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Math Help - Need help with vectors question

  1. #1
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    Need help with vectors question

    Sorry, pretty much in a rush to finish this soon as I have been stuck at understanding this vectors chapter for a really long time. I hope someone will be able to help with it...I've tried but I really cannot figure it out alone.

    The line L has cartesian equations x - 2 = \frac{y - 5}{2} = -z. Find the perpendicular distance from the origin to L.

    Find also the acute angle between L and the z-axis.

    I don't know what concepts I am missing out on but I am stuck.

    Help will be much appreciated. I'm trying to learn and not just get answers. Rushing on revision as I don't have much time...planning to finish my math revision in 2 months.
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  2. #2
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    Workings:





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  3. #3
    Grand Panjandrum
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    Quote Originally Posted by Puzzled View Post
    Sorry, pretty much in a rush to finish this soon as I have been stuck at understanding this vectors chapter for a really long time. I hope someone will be able to help with it...I've tried but I really cannot figure it out alone.

    The line L has cartesian equations x - 2 = \frac{y - 5}{2} = -z. Find the perpendicular distance from the origin to L.

    Find also the acute angle between L and the z-axis.

    I don't know what concepts I am missing out on but I am stuck.

    Help will be much appreciated. I'm trying to learn and not just get answers. Rushing on revision as I don't have much time...planning to finish my math revision in 2 months.

    The parametric form of the line is:

    <br />
L(\lambda ) = \left[ {\begin{array}{*{20}c}<br />
   {\lambda  - 2}  \\<br />
   {2\lambda  + 5}  \\<br />
   { - \lambda }  \\<br />
\end{array}} \right] = \left[ {\begin{array}{*{20}c}<br />
   { - 2}  \\<br />
   5  \\<br />
   0  \\<br />
\end{array}} \right] + \left[ {\begin{array}{*{20}c}<br />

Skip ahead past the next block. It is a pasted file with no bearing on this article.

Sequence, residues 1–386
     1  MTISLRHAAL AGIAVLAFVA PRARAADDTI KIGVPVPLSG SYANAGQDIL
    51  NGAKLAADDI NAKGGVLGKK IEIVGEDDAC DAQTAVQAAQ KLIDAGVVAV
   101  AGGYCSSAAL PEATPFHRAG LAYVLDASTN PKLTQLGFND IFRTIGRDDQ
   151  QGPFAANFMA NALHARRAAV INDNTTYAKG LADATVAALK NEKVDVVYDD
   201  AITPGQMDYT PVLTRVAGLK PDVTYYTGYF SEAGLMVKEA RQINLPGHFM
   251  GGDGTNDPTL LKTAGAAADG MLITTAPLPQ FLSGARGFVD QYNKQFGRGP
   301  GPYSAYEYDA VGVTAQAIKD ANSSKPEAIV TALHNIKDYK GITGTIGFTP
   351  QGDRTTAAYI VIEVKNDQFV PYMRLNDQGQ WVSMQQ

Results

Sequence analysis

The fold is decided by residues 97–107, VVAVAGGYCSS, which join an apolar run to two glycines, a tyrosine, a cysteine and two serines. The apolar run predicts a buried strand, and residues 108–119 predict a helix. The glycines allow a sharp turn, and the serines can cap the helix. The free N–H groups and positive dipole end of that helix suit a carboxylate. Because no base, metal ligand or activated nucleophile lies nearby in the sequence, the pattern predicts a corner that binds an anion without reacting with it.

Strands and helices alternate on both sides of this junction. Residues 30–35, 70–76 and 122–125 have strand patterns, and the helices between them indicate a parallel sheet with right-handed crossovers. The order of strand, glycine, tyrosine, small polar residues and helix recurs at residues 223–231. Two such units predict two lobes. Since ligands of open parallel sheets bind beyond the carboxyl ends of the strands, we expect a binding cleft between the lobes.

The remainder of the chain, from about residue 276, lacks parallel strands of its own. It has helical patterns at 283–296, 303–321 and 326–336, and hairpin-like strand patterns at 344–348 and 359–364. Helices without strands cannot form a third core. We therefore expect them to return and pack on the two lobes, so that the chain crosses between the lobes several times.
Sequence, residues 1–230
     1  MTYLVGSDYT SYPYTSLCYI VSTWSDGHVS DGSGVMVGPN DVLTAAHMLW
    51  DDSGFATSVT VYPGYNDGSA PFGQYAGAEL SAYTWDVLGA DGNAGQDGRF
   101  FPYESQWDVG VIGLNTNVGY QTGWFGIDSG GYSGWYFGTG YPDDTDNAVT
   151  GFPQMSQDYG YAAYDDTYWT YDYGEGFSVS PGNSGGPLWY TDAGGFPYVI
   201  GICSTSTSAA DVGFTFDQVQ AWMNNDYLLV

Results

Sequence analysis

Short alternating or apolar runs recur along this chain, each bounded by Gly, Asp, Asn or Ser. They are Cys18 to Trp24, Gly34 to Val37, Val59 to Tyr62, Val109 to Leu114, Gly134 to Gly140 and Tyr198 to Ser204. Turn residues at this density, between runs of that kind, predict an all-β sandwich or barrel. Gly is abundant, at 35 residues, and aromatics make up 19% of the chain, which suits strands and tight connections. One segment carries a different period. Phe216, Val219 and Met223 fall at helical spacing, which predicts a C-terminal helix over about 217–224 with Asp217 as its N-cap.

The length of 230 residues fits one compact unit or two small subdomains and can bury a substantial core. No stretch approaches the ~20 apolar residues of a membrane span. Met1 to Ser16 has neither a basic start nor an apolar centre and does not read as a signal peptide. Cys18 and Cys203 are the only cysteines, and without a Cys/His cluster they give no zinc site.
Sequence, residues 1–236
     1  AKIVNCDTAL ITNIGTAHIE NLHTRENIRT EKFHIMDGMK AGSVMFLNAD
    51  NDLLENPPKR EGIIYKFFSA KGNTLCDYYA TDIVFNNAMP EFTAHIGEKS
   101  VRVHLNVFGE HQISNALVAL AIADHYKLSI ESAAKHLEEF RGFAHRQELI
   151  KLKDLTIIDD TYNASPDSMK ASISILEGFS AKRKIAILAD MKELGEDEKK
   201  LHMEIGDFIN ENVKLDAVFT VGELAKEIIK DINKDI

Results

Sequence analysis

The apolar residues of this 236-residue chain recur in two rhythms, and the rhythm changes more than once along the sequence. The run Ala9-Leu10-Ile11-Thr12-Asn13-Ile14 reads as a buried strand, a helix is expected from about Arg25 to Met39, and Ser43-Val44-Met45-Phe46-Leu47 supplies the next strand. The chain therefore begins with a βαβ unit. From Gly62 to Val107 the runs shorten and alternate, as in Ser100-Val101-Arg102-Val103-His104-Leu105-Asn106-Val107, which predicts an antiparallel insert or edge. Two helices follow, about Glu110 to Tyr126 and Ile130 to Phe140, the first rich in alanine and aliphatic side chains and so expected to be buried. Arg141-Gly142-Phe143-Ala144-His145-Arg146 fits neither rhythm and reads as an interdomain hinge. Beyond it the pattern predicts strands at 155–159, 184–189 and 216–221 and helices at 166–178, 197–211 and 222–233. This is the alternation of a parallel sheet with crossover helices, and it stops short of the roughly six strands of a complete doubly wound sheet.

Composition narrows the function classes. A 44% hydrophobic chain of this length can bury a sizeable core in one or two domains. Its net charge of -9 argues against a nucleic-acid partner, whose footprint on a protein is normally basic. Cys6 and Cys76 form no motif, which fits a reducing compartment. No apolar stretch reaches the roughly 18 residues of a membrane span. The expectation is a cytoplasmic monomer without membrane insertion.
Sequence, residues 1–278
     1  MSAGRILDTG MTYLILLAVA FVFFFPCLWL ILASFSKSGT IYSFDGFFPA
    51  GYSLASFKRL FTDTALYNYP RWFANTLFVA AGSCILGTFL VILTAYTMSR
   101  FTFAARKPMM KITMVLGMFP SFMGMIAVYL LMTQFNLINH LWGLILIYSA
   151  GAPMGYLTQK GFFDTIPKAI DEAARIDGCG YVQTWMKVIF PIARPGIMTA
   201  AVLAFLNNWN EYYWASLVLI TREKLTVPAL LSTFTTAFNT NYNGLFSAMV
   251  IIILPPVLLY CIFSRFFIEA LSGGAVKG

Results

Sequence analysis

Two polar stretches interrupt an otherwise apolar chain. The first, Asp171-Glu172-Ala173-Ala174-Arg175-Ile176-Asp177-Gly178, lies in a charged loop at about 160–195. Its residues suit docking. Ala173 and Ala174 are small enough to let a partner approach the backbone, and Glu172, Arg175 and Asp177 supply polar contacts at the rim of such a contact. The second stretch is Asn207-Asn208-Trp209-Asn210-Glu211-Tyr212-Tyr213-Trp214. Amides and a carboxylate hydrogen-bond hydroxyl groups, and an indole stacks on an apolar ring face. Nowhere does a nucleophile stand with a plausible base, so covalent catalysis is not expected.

\lambda   \\<br />
   {2\lambda }  \\<br />
   { - \lambda }  \\<br />
\end{array}} \right]<br />

    RonL
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  4. #4
    MHF Contributor

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    The classic formula for distance of a point to a line is:
    \begin{array}{l}<br />
 l(t) = Q + tD\,\& \,P \notin l(t) \\ <br />
 d\left( {l,P} \right) = \frac{{\left\| {\overrightarrow {QP}  \times D} \right\|}}{{\left\| D \right\|}} \\ <br />
 \end{array}.
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  5. #5
    Grand Panjandrum
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    Quote Originally Posted by Puzzled View Post
    Sorry, pretty much in a rush to finish this soon as I have been stuck at understanding this vectors chapter for a really long time. I hope someone will be able to help with it...I've tried but I really cannot figure it out alone.

    The line L has cartesian equations x - 2 = \frac{y - 5}{2} = -z. Find the perpendicular distance from the origin to L.

    Find also the acute angle between L and the z-axis.

    I don't know what concepts I am missing out on but I am stuck.

    Help will be much appreciated. I'm trying to learn and not just get answers. Rushing on revision as I don't have much time...planning to finish my math revision in 2 months.
    The perpendicular distance from the origin to the line can be found in lots of
    ways. I will resolve x=[-2,5,0]^t into a component parrallel to the line and
    subtract this from x to find the component normal n to the line and the answer
    will be the norm of this component.

    <br />
\begin{array}{l}<br />
 l = \left[ {\begin{array}{*{20}c}<br />
   1  \\<br />
   2  \\<br />
   { - 1}  \\<br />
\end{array}} \right]\\ \\ <br />
 n = x - (x.l/\left\| l \right\|)l \\ <br />
 \end{array}<br />

    RonL
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